Federal Housing Administration Commissioner Brian Montgomery said the agency is currently working to revise its condominium approval rules and that he expects a final rule to be announced soon.
Speaking before 100 representatives from the National Association of Realtors at a meeting last week about regulatory issues in housing, Montgomery said the agency is actively working to update its policies for condos, which he called a “mainstay of affordable housing” for seniors and first-time buyers, according to a statement released by NAR.
Among the proposed revisions is the ability to allow owner-occupancy determinations on a case-by-case basis and to allow up to 45% of commercial space in a building without documentation, as well as the implementation of a five-year approval period for project certification.
In his speech, Montgomery also said the final rule may also allow for spot approvals.
“We anticipate that the updated regulations will be more flexible, less prescriptive and more reflective of the current market than existing provisions,” Montgomery said. “It may also include single unit approvals for loans that meet HUD standards for unapproved projects, allowing HUD to set the specific percentage.”
The FHA issued proposed changes to its condo rules in 2016 that promised to lift a number of restrictions and streamline the certification process, but it has yet to issue a final rule.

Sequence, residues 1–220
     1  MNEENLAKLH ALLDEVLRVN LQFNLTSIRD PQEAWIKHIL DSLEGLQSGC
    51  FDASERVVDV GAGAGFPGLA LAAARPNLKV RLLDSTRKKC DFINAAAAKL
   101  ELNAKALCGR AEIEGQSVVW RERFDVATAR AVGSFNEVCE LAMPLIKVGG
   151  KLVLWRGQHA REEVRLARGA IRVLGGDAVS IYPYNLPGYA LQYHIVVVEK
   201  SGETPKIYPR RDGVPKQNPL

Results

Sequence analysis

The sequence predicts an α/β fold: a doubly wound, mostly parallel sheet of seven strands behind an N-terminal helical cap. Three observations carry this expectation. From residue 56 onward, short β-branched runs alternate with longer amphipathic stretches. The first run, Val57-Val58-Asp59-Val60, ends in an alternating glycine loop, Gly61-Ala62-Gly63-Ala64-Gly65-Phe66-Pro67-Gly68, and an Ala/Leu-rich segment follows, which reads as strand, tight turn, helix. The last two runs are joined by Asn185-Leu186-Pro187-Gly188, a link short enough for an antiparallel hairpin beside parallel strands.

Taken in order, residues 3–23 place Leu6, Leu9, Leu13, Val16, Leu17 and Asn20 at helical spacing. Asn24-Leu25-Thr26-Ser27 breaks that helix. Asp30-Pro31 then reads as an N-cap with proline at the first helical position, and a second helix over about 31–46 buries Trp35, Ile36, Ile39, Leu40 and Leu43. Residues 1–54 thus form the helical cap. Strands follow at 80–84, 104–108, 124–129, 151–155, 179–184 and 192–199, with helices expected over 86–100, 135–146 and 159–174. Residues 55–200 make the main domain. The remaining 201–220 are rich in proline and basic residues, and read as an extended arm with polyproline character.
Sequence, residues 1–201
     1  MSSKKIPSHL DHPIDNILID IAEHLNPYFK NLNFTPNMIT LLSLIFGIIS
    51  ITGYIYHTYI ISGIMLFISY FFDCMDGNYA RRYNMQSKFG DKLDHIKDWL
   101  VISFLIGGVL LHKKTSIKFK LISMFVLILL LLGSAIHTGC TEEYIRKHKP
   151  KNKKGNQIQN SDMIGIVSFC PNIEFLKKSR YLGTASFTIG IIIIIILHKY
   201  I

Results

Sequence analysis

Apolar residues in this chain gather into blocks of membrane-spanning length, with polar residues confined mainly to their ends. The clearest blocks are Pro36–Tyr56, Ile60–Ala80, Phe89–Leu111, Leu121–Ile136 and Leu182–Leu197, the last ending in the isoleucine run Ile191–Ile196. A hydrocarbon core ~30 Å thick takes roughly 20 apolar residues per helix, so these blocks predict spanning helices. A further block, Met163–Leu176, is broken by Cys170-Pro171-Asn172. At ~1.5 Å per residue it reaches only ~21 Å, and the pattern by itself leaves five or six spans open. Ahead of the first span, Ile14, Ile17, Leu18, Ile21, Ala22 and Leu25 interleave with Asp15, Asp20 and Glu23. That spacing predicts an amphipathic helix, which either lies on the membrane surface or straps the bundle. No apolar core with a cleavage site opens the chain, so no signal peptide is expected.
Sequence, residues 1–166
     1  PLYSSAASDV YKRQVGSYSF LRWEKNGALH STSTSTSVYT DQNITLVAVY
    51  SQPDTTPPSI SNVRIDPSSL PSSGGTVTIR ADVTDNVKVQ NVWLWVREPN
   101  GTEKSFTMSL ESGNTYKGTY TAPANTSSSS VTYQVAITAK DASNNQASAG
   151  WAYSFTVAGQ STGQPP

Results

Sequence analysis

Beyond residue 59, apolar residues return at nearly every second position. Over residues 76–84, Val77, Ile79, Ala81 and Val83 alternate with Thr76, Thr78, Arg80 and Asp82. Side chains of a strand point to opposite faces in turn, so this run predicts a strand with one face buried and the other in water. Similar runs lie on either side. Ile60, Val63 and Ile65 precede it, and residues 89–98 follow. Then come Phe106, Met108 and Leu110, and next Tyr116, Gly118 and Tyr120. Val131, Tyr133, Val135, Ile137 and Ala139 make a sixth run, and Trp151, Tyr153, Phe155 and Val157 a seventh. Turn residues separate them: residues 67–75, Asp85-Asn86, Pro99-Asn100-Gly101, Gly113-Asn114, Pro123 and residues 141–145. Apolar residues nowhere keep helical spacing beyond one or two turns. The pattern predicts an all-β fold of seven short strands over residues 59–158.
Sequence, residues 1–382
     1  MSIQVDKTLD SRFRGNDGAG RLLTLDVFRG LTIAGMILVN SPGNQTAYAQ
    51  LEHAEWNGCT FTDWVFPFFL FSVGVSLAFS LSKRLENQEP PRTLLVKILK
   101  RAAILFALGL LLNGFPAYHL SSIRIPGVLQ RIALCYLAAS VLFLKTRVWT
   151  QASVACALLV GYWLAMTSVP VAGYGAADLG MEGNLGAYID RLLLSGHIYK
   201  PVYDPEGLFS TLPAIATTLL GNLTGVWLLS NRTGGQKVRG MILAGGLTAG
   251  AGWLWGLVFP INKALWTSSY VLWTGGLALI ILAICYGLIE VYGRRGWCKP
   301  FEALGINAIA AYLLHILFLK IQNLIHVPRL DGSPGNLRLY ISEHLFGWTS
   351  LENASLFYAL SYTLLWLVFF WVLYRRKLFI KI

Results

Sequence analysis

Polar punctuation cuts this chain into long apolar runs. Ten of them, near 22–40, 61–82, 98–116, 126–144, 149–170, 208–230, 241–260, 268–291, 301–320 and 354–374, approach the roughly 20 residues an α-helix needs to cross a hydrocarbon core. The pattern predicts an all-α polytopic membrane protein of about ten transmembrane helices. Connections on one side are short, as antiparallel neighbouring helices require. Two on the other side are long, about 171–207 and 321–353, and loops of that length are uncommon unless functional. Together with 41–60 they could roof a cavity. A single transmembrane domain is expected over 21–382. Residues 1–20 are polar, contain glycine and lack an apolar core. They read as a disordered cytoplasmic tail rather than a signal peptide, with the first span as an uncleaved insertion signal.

Last summer, 174 Congress members signed a letter to Department of Housing and Urban Development Secretary Ben Carson asking him to make a move on the proposal.
And then in February, after no such move was made, NAR and the National Reverse Mortgage Lenders Association urged the agency to quit dragging its feet on the issue, asserting that too many homeowners sere being shut out of financing under FHA’s current condo policies.
In his speech, Montgomery called condos an “opportunity” to address affordable housing concerns, and while he did not say exactly when the industry can expect a final ruling, he said the final rule was under review by the Office of Management and Budget and suggested a resolution was near.